Oh, and you don't have any backups. Or you have backups from three months ago. Restoring from your crappy backups would mean hours to days of non-stop work and consistent downtime. Or Amazon or whatever other company you're using for backups actually broke your backups/lost your backups/never actually provided you with the backups you paid for.
Don't panic. You've got this. You remember that Amazon has some sort of Java-based something or other. Its got to be a virtual KVM. You login to the web console and find out that the Java-based something is a completely worthless SSH client, and not a KVM at all.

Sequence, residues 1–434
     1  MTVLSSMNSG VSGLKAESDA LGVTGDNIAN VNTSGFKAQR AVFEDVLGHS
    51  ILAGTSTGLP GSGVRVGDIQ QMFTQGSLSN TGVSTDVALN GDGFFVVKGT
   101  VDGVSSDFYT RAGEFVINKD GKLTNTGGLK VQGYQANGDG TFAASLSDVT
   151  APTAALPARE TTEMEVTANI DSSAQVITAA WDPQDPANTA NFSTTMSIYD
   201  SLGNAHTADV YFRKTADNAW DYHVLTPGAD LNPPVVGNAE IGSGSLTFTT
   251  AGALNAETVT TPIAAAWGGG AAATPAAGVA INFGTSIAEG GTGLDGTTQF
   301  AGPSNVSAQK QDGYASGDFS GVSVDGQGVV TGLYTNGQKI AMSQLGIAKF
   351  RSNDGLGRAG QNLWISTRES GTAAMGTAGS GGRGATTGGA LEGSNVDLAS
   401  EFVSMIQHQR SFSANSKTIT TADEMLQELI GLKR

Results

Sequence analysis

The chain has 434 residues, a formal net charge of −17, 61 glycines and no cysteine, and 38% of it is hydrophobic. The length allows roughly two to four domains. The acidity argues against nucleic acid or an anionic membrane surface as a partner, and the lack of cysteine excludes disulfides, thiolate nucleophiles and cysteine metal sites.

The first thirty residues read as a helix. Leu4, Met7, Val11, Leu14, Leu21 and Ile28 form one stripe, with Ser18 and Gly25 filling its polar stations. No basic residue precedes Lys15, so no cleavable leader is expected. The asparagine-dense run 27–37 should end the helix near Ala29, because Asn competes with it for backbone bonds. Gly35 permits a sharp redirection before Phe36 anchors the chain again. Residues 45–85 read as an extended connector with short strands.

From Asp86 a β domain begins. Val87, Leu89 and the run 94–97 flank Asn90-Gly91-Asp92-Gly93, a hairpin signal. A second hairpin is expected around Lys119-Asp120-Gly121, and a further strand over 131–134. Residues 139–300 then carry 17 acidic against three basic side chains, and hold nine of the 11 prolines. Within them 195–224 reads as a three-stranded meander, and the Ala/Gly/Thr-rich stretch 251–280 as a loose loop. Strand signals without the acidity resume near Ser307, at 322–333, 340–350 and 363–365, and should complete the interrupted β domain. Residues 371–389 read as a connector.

You are going to be fired.
Unless you found this post. I will save your backside, sir and/or ma'am.
Well, I will save your backside provided your environment has a couple of caveats. I will make them clear so that if you don't meet them you can get going somewhere else to find a solution ASAP. Here they are:
- This is for Linux. If you are using Windows you are fired. Just kidding! You can mount Windows volumes in Linux, but reconfiguring network settings in this way is much more complicated since those settings are often stored in the registry rather than flat files. This walkthrough is just for volume management side of things; if you're dealing with Windows consider mounting the volume on a Linux VM and then using a tool like this one to modify the registry in the broken volume.